Randy Hayes has been described in the Wall Street Journal as “an environmental pit bull.” Hayes founded Rainforest Action Network and remains on its Board. He works from Washington DC and is currently starting along with Andrew Kimbrell and Brent Blackwelder, a new think tank called Foundation Earth. The challenge for Foundation Earth is to help develop the big picture of a new human order, including economic models, legal/governance systems, educational programs, and health care systems that work within the larger order of the planet’s life support systems. This calls for the reinvention of the role of human society on earth. Foundation Earth is for major societal transformation, not incremental reform. Hayes, a former filmmaker, is a veteran of many high-visibility corporate accountability campaigns and has advocated for the rights of Indigenous peoples throughout the world. He served for five years as president of the City of San Francisco Commission on the Environment, and for two-and-a-half years as director of sustainability in the office of Oakland Mayor Jerry Brown (now governor). Randy sits on eight non-profit Board of Directors and numerous Boards of Advisors. As a wilderness lover, Hayes has hiked a bit in the Amazon, Borneo, Central Africa, Southeast Asian rainforests, High Sierras and the Canadian Rockies.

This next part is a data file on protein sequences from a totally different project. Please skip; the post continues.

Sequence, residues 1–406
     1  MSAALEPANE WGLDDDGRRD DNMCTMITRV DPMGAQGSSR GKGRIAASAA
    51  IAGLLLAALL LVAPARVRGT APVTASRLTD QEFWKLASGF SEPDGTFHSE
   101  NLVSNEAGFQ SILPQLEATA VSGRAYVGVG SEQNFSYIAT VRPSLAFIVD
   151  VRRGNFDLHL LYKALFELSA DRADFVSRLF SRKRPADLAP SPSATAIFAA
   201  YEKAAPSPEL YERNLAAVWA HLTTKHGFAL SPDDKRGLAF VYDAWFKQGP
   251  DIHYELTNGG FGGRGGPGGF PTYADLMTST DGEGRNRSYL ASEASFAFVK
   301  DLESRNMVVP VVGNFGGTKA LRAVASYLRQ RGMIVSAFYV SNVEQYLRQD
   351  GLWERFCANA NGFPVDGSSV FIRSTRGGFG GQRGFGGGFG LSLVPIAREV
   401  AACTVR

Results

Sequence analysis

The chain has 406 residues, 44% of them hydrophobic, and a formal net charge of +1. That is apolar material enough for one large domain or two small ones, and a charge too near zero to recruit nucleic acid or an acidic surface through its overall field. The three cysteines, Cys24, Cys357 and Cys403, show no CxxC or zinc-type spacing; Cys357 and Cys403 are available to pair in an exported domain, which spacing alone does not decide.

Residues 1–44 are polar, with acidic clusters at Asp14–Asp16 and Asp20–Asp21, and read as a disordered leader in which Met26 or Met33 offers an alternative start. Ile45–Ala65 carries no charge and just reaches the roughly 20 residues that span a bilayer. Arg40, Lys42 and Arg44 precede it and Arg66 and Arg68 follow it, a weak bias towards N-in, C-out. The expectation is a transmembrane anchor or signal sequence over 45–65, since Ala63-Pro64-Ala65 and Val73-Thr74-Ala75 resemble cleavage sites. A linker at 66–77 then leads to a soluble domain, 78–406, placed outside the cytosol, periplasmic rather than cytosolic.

Hayes has an undergraduate degree from Bowling Green State University and a Master’s degree in Environmental Planning from San Francisco State University. His master’s thesis, the award-winning film The Four Corners, won the Academy of Motion Picture Arts and Sciences award for “Best Student Documentary” in 1983. He contributed to Alternatives to Economic Globalization: A Better World is Possible, published by San Francisco: Berrett-Koehler Publishers, Inc., in 2004. Not satisfied with short-term thinking, his 500-year plan offers a vision of a sustainable society and how to get there. Randy Hayes was honored by his corporate campaign activists peers in 2008 with an Individual Achievement Award, given by the Business Ethics Network. In 2010 he was both Alumni of the Year and inducted in the Alumni Hall Fame at San Francisco State University. Additionally, he was one of the original set of inductees in the National Environmental Hall of Fame.
Randy Hayes is a hero and a visionary—a radical messenger with the mentality of a Madison Avenue ad executive who is selling just one thing, saving the world before it is too late.
- Adam Werbach, Former President of the Sierra Club
At first glance, you wouldn't think avocados and almonds could harm bees; but a closer look at how these popular crops are produced reveals their potentially detrimental effect on pollinators.